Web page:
The term equality describes the state of ensuring that people or groups of persons are not treated differently or in a less favorable manner in comparison to others. This is on the basis of such peoples protected traits, including areas of age, gender, religion, race, sexual orientation and disability among others. Inequality is the antonym of equality. Inequality in the United States is a major phenomenon affecting millions of people in the nation. This essay portrays the aspect of inequality in the United States through a discussion of four articles illustrating the different forms of inequality in the nation.
Education Inequality in the United States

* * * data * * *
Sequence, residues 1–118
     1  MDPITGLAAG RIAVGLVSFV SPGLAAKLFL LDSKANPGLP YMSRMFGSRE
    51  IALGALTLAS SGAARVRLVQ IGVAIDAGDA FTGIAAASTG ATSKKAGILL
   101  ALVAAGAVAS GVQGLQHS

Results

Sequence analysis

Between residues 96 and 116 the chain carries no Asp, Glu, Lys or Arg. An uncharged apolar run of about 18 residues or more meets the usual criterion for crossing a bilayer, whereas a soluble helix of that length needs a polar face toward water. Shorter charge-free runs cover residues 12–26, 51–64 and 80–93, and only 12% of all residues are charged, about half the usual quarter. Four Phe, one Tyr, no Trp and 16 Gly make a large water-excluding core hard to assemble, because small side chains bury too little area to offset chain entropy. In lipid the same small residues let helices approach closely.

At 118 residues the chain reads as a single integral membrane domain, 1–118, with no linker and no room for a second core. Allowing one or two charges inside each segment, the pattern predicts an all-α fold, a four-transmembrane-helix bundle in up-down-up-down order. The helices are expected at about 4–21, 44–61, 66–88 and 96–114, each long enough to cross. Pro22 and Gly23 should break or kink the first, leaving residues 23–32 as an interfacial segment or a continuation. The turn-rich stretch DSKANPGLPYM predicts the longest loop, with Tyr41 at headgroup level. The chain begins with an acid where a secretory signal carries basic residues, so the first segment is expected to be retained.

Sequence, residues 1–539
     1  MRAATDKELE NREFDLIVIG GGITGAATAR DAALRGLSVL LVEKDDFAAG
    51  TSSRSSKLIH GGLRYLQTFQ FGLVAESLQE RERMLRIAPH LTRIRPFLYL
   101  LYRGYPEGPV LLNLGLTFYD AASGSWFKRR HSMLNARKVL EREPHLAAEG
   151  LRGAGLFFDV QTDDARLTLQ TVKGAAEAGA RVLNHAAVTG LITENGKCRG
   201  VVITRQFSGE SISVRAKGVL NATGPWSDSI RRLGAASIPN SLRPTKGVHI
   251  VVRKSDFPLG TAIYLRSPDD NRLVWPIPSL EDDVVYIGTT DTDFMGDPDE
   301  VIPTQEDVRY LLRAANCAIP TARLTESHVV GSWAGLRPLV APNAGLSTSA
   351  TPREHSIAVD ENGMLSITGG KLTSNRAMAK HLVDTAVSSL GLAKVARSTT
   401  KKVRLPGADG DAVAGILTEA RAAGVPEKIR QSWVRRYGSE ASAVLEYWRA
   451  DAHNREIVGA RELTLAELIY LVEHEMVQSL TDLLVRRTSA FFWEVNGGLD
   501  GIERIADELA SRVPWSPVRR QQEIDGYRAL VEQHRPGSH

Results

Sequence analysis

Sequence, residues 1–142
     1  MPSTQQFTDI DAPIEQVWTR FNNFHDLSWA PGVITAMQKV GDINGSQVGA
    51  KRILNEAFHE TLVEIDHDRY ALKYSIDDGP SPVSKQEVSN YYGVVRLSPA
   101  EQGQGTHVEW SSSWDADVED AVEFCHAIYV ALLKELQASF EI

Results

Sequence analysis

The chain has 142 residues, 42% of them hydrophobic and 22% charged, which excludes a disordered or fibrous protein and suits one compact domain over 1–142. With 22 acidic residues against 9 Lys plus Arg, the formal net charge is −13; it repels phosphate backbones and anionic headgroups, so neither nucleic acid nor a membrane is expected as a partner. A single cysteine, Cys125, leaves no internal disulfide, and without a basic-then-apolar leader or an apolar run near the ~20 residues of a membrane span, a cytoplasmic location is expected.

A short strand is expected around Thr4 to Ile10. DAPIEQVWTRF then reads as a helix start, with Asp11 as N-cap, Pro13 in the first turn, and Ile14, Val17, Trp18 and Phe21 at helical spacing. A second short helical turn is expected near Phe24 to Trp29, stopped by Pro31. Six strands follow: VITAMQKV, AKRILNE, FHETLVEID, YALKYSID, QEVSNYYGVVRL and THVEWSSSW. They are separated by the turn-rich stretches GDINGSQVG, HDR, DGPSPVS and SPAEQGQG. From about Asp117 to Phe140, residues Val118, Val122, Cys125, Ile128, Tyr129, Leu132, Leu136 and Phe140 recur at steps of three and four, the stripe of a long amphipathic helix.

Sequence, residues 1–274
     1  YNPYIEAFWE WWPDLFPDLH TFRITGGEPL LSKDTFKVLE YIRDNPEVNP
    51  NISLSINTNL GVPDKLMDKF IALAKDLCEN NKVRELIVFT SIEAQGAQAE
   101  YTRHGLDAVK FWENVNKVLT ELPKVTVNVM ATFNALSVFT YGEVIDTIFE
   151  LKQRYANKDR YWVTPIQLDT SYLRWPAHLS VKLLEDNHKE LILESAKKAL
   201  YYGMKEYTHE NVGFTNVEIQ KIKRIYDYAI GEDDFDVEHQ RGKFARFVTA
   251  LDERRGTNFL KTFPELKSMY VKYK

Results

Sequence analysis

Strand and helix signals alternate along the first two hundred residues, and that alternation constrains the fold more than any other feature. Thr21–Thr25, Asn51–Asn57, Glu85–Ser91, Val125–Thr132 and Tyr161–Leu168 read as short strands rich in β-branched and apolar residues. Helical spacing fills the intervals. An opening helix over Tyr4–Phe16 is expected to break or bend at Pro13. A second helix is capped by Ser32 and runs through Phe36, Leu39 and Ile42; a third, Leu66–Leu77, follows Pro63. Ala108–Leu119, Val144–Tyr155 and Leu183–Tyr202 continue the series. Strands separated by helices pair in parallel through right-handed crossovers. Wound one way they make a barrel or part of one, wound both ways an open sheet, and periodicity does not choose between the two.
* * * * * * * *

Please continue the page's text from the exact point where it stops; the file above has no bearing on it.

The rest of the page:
In a publication authored on by Ahmed (2016), on the CNN website, there is a great racial disparity that exists in the United States education sector. This revelation was made by the nations Education Department in 2016, from the support of a statistic attained from the Civil Rights Data Collection Survey (Ahmed, 2016). The survey was carried out among 50 million students who were attending 95,000 schools in the United States between 2013-2014 (Ahmed, 2016). The findings of the survey illustrated that more Latino and African-American students in comparison to the White American students in the United States experience inequality in educational opportunities.